Amidst a flurry of rumours and intense speculation that she would be retiring at 95, Her Majesty Queen Elizabeth II has confirmed that she will not be stepping down from her role as Head of State any time soon.
Though the British royal family rarely even address rumours that surround the inner-workings of the Palace, an official spokesperson for Prince Charles made an exception last week, formally denying the speculative reports regarding the Queen's supposedly imminent retirement.
View this post on Instagram
Her Majesty The Queen hosted a reception to welcome Heads of State and Government of @nato countries to Buckingham Palace this evening. NATO leaders are in London to attend the NATO Leaders’ Meeting 2019. The Queen was joined by The Prince of Wales and The Duchess of Cornwall as they greeted Heads of State and Government, and their spouses or partners, in the Music Room of Buckingham Palace before hosting a small reception in the Green Drawing Room. The Princess Royal, The Duchess of Cambridge and The Duke and Duchess of Gloucester also welcomed NATO leaders, members of the delegations and NATO staff in the Picture Gallery. See our previous post to find out more about NATO and watch some footage from the archives
"There are no plans for any change in arrangements at the age of 95 - or any other age," the spokesperson told People.
The claim that Prince Charles would assume the role of King first appeared in last year's publication of Charles At Seventy, a renowned biography of the Prince of Wales, written by Robert Jobson. In the book, Jobson wrote that it would be likely that Queen Elizabeth may, at some point, "trigger a period of regency," in which she will grant her son the "full power to reign," whilst still retaining her official title as monarch.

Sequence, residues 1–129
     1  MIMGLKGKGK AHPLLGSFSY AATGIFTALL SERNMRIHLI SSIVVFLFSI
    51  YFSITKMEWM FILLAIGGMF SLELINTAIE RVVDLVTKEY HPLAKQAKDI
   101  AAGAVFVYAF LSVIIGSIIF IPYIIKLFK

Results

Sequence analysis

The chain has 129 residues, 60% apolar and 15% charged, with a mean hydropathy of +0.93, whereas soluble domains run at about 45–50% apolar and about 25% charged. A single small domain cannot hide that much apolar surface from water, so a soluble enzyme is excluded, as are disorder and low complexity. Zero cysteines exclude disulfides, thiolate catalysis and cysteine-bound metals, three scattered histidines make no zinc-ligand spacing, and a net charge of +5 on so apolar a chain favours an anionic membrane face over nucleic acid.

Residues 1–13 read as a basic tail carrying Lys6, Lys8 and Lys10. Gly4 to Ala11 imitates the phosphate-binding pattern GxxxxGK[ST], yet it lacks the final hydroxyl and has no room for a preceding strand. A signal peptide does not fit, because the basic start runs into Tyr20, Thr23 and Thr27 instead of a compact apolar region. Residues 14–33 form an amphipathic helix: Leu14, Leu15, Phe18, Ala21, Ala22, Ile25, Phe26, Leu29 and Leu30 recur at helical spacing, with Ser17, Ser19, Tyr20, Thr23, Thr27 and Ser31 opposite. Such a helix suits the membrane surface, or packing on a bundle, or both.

View this post on Instagram
On the day The Queen visited The Royal Philatelic Society, we are sharing these archive photographs featuring members of The Royal Family. You can also take part on our quiz by clicking on our Instagram story. The photographs (1-4) taken by Dorothy Wilding, of Her Majesty in 1952, were used as the basis of The Queen’s image on postage stamps from 1953 until 1971. In two sittings, photographer Wilding took 59 images of The Queen. In 5, Arnold Machin’s effigy of The Queen, which has featured on UK stamps since 1967, is widely considered to be one of the most reproduced and iconic images in the world. It has been re-printed an estimated 220 billion times, in more than 130 different colours. In 6, the world’s first stamp, the Penny Black, featured an effigy of the head of Queen Victoria, as engraved by William Wyon (official chief engraver at the Royal Mint) to mark her coronation in 1838. Special stamps have been produced featuring The Queen, including for Her Majesty’s 80th Birthday in 2006 and The 60th Anniversary of The Queen’s Coronation in 2013. PA & Royal Collection Trust
"One senior aide told me that the Queen has given the matter of her passing hears considerable thought and believes, that, if she is still alive at ninety-five she will consider passing the reign to Charles," Jobson explains in the book. Many have also pointed out that Queen Elizabeth's husband, Prince Phillip, was also 95 when he announced his own retirement from official royal duties.
However, despite the rumour, the royal family is adament that Queen Elizabeth has no plans to retire in the foreseeable future. And, considering that the Queen is still riding her horses at the ripe old age of 93, we have a fair bit of proof to believe that claim.